Using another set of images , here is the panorama that I first get . The result is rather pleasing. If you would like to see the layers, click on and you will get this result . If you move the mouse and click on the layers, you will see the individual image .
If you notice that some elements are not perfectly vertical, use the Vertical Tool to manually draw vertical lines . This will help Autopano making a better result .
Once you’re done, you can even ask for an automatic cropping of the resulting image .
Autopano also adds HDR correction. I’m going to very briefly describe it. The result of selecting HDR might be a black image. This might has to do with the histogram, as well as individual adjustments. Select the Color Anchor tool , then click on one layer and choose “All to transfer function”. Once it’s done, use the Levels and move the white point until the histogram looks better .
On my example, I’ve lowered the white point quite a bit, because the dynamic range of all images wasn’t very high. When assembling source pictures that are already in HDR format (i.e. having a very wide dynamic range), it is very useful to work with a logarithmic curve instead of a linear curve. This can be done by double-clicking on the Levels Histogram. The sliders will then adjust to a logarithmic scale. There are also several more options for you to explore.
HDR tends to somehow flatten the contrast of the image. Another easy way to adjust your exposure through the panorama is to set “Color Anchors”: an anchor defines how the corresponding image will be modified by the color correction algorithm. As an example, let’s start with four shots with various exposure . There is a dramatic luminosity difference between the pale sky and the black rocks in the foreground. The automatic conversion creates a pleasing image but the sky is too bright as compared to the ground. Playing with the levels would make a global adjustment and would affect at the same time the ground and the sky. To better control exposure locally, select the Edit Color Tool and right-click on the top image that contains the sky. From the pop-up menu, choose “Hard Anchor” : this portion of the panorama will now remain unchanged.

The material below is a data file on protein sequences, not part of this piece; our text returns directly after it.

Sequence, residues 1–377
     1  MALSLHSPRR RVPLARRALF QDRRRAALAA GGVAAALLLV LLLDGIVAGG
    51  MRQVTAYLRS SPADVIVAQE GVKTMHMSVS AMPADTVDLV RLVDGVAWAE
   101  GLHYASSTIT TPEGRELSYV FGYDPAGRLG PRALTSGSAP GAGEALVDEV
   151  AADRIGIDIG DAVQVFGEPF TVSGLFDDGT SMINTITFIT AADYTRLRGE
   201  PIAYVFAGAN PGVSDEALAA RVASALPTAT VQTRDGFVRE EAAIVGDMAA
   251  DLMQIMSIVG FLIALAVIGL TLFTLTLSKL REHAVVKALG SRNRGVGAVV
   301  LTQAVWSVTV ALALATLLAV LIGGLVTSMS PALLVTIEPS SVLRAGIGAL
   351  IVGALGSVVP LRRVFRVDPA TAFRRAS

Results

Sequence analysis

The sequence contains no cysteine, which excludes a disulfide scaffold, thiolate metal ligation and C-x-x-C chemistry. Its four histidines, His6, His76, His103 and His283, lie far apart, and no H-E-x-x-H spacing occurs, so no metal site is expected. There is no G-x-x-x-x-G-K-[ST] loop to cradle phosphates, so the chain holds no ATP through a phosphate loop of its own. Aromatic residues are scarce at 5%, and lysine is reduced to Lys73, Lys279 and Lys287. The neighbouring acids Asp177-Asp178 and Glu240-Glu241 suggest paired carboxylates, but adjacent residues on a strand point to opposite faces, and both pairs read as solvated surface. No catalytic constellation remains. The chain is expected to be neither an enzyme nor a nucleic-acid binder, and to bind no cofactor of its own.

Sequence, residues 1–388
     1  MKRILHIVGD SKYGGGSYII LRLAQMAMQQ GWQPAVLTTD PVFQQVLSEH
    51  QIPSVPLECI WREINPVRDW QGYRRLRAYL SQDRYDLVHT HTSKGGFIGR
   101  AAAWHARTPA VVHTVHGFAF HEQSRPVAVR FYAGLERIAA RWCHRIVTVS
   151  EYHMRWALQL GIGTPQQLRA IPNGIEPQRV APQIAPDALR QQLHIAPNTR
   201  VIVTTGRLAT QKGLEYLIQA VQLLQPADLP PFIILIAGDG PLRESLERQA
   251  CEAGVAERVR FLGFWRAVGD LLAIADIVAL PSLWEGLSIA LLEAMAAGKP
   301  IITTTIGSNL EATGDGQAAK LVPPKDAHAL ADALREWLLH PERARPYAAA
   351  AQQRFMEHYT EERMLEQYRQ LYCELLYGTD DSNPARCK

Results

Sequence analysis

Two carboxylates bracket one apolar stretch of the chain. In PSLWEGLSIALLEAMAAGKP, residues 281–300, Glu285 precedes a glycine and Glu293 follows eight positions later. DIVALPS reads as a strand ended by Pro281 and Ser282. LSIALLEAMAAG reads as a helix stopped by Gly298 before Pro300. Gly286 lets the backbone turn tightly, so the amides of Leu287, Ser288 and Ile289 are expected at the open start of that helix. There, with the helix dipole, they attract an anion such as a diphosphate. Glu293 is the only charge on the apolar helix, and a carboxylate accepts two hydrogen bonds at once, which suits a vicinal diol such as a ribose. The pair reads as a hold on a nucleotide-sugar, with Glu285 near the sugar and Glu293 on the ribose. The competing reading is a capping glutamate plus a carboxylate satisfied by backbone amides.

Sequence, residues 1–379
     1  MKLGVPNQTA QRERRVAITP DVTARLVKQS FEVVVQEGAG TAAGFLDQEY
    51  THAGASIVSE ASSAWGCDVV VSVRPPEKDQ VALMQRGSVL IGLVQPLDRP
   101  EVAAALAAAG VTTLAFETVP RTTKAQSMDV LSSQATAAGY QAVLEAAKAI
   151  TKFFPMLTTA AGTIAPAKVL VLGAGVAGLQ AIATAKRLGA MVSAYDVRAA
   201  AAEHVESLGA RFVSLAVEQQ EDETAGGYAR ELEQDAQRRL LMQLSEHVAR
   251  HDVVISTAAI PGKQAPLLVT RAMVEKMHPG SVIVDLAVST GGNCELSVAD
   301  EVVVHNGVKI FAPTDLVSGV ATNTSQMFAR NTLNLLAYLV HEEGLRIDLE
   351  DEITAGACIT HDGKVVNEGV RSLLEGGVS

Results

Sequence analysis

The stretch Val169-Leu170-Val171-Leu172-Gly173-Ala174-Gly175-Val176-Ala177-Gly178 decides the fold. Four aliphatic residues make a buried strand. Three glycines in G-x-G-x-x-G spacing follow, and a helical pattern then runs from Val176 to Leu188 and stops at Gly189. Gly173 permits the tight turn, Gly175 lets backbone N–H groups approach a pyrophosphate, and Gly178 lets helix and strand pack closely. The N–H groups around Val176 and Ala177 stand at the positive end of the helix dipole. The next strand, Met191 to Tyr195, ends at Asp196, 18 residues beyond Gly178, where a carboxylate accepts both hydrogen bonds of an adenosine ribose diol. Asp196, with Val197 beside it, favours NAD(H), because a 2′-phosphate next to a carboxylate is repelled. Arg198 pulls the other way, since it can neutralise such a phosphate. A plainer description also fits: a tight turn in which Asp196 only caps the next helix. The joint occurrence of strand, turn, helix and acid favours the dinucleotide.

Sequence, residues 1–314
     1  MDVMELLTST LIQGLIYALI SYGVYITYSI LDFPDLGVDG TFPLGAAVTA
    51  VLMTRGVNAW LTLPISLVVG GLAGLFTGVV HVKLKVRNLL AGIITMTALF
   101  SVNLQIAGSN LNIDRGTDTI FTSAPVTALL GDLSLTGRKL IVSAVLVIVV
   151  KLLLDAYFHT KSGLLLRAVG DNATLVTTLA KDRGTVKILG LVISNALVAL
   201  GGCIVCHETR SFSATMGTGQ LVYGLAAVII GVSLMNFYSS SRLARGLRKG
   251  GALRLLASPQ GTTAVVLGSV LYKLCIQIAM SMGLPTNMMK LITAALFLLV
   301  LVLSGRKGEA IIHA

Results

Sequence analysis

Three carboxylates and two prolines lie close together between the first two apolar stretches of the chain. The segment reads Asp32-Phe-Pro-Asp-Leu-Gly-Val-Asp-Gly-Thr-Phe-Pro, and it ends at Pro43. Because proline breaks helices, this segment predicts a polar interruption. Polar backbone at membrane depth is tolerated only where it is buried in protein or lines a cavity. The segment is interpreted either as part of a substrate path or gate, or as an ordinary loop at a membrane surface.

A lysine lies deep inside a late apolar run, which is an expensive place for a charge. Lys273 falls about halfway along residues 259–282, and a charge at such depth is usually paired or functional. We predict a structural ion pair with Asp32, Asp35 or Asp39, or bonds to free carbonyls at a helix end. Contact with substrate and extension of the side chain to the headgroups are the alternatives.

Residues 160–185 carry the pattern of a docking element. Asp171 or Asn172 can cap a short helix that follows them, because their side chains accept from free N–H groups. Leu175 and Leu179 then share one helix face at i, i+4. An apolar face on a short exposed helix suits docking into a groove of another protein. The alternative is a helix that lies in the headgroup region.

Please note that for the moment, all the other Anchors are set to “Transfer function”, which means that only the luminosity and contrast values will be adjusted for these areas of the panorama (you can adjust this by yourself by right clicking and use “All to transfer function”, if it is not the case on your panorama).
To better understand the difference between them, let’s set another Hard Anchor on the ground . Since exposure was correct on both of these images, the result is a panorama where both the sky and the middle of the image are correctly exposed and lit . You can of course make other Hard Anchors to locally fine-tune exposure as you like. Note that the proper blending is still performed between the images, and that all transitions are smooth. The resulting panorama has better local contrast than the automatic result that we initially got.
That’s it. Autopano Pro offers many more ways to control exposure, as well as adjusting and moving images around to fine-tune the result. But it is also quite an easy tool to quickly automatically create panoramas from your work.
Where to Buy
Autopano Pro is available directly from the manufacturer’s web site for about 145USD.
Jean-Sébastien Monzani is a Swiss and French full-time freelance
photographer and graphic designer. Elegance, simplicity, a strong sense
of composition and emotions are key elements in his work. His images are
often constructed as photo-series—something between fashion
photography and movie storyboards. The sequence of shots usually tells
a little story but each image also works independently. Since he often
tries to convey atmosphere in his photos, he mainly shoots
on-location, almost exclusively in Lausanne, Switzerland, where he lives.
Example Images from Jean’s Gallery
Text ©2008 Jean-Sébastien
Monzani. Photos ©2008 Jean-Sébastien Monzani.